Image: Amazon Kindle 2
With Wednesday's $40 reduction on the Kindle, the device now costs $259. It debuted in 2007 at $399 and started this year at $359, before another price cut in July.
updated 10/7/2009 10:33:56 AM ET 2009-10-07T14:33:56 Inc. is cutting the price of its Kindle electronic-book reader yet again and launching an international version, in hopes of spurring more sales and keeping it ahead of a growing field of competitors.

With Wednesday's $40 reduction on the Kindle, the device now costs $259. It debuted in 2007 at $399 and started this year at $359, before another price cut in July.

In hopes of stimulating even more growth, Amazon also will start selling a $279 version of the Kindle that will work in 100 countries and be sold to readers outside the U.S. This Kindle will begin shipping on Monday in such countries as Australia, Japan, India and Germany.

The current Kindle can wirelessly download content in the U.S. over Sprint Nextel Corp.'s network, but outside the country you must connect it to a computer with a USB cable to add content. The international version will be able to wirelessly download content over AT&T's network around the world.

In an interview, Amazon CEO Jeff Bezos said the company can now afford to reduce the price of the Kindle sold in the U.S. because of the increased number the company is making — and selling.

Bezos called it Amazon's best-selling product, but Amazon has not disclosed sales figures for the Kindle, which has a 6-inch (15-centimeter) screen that displays shades of gray, room to store 1,500 books and the ability to download books wirelessly.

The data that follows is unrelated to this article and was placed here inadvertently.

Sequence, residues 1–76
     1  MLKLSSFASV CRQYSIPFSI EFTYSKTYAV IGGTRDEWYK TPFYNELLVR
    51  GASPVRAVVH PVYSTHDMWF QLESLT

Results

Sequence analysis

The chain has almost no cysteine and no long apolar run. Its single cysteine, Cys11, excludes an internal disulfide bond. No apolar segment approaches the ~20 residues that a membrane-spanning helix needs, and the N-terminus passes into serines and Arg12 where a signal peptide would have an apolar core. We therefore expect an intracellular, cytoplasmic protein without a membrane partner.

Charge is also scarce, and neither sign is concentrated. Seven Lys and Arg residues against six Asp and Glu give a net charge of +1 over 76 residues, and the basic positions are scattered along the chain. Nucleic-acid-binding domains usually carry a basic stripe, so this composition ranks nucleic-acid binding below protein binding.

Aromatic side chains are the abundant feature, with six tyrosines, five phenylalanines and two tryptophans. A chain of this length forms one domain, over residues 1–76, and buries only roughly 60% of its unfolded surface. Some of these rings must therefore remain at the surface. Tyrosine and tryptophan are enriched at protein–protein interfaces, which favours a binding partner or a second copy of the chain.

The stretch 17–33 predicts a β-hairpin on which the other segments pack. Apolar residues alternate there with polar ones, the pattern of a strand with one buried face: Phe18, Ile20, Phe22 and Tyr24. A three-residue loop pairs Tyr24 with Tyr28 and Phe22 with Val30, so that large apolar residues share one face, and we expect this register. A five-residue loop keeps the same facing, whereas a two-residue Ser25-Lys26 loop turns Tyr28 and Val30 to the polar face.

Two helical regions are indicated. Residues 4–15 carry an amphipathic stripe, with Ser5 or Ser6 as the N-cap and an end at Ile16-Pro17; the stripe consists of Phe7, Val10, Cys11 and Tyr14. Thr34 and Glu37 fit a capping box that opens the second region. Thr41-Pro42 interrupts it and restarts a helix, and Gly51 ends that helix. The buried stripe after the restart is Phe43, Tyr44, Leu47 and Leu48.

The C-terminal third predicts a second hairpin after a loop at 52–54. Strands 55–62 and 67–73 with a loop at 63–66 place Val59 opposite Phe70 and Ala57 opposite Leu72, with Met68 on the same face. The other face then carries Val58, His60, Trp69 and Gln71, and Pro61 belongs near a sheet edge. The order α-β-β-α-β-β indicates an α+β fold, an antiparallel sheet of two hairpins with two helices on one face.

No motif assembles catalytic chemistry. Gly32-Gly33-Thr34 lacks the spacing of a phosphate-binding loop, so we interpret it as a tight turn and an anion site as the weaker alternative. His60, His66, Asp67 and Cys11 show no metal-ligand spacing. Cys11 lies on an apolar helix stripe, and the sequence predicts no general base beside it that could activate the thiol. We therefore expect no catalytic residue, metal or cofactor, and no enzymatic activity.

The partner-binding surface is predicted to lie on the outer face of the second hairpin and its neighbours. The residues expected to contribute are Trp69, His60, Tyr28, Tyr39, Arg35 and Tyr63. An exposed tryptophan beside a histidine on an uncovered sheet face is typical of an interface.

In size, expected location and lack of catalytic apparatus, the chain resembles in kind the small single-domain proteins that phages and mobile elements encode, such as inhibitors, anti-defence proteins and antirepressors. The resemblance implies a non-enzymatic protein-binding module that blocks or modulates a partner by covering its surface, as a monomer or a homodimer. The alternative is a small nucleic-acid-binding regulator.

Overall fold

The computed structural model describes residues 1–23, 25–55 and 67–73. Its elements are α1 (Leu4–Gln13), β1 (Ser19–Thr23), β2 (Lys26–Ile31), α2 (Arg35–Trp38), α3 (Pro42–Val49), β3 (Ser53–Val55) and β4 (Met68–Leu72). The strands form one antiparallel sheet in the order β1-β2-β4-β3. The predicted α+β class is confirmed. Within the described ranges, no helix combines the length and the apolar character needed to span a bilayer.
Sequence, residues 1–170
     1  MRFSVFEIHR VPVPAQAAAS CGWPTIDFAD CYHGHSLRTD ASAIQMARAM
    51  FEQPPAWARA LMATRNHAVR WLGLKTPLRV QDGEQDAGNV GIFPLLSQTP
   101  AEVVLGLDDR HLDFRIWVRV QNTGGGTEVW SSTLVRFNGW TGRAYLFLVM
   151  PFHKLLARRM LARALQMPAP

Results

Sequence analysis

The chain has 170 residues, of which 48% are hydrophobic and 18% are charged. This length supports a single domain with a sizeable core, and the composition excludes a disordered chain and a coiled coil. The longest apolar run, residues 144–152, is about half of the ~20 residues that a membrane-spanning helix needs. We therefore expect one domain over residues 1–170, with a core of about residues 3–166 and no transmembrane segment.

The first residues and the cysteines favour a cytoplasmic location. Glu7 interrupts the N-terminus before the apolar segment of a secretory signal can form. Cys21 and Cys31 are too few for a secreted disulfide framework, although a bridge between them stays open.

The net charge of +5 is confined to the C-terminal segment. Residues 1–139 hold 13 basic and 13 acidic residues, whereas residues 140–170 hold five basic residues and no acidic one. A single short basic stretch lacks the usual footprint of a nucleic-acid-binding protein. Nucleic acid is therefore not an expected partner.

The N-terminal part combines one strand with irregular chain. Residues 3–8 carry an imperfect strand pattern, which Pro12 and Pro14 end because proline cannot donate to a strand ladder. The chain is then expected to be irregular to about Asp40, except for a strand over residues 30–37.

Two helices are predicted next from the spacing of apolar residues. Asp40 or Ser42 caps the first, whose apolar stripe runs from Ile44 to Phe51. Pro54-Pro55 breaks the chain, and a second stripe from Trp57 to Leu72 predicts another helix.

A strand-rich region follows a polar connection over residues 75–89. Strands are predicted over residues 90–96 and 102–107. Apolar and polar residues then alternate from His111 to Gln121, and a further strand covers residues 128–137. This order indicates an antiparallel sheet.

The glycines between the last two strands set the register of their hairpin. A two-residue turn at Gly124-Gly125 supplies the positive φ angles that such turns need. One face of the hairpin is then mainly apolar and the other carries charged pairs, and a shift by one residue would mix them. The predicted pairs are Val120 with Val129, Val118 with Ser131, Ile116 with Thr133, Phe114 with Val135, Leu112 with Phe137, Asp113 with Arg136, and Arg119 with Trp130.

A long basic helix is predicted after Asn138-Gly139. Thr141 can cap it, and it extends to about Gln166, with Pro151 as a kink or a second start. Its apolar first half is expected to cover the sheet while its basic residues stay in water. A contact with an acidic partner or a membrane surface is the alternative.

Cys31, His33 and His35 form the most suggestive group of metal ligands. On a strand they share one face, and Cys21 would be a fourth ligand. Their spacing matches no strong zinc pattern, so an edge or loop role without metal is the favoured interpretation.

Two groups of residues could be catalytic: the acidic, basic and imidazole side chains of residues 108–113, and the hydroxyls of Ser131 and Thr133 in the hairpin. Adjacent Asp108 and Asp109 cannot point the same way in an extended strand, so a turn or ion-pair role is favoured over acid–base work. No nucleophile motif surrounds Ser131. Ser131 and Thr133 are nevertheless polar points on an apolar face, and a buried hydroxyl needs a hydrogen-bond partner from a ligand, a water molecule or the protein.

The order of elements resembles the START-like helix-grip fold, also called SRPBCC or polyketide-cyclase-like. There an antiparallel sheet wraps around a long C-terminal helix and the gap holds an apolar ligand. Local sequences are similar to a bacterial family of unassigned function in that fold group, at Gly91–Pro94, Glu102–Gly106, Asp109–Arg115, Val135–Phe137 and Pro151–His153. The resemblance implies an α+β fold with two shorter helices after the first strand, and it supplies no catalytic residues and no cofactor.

The price reduction also shows Amazon is trying to maintain a lead in the nascent e-reader market as the field gets more crowded.

According to a report being released Wednesday by Forrester Research, e-reader sales will total an estimated 3 million this year, with Amazon selling 60 percent of them and Sony Corp. 35 percent. Sony offers a $199 "Pocket Edition" e-reader and larger $299 touch-screen model, and in December it will offer a $399 model that can wirelessly download books rather than needing a connection to a computer.

Lesser-known companies are moving in, too. IREX Technologies plans to release a wireless-enabled $400 e-reader this fall, and Plastic Logic Ltd. intends to sell one with wireless capabilities as well.

According to the Association of American Publishers, e-books accounted for just 1.6 percent of all book sales in the first half of the year. But the market is growing fast. E-book sales totaled $81.5 million in the first half, up from $29.8 million in the first six months of 2008.

And Bezos said Amazon sells 48 Kindle copies for every 100 physical copies of books that it offers in both formats. Five months ago it was selling 35 Kindle copies per 100 physical versions.

Bezos said that increase is happening faster than he expected.

"I think that ultimately we will sell more books in Kindle editions than we do in physical editions," Bezos said in the interview, which was held in the Cupertino offices of Lab126, the Amazon subsidiary that developed the Kindle.

Seattle-based Amazon also sells a larger version of the Kindle, the DX, which was released this past spring and is geared toward textbook and periodical reading. It costs $489.

Having sub-$299 price tags on the U.S. and international Kindles could help Amazon this holiday season — a period that the National Retail Federation is expecting to be sluggish. The trade group forecast this week that retail sales in November and December combined will fall 1 percent from last year.

Forrester analyst Sarah Rotman Epps thinks that e-reader prices need to come down even more if the devices are going to become mainstream products, however. She suggested $99 as a price that would be much more likely to lure consumers.

She said people "have somewhat unrealistic expectations of how much consumer electronics in general, and e-readers in particular, should be."

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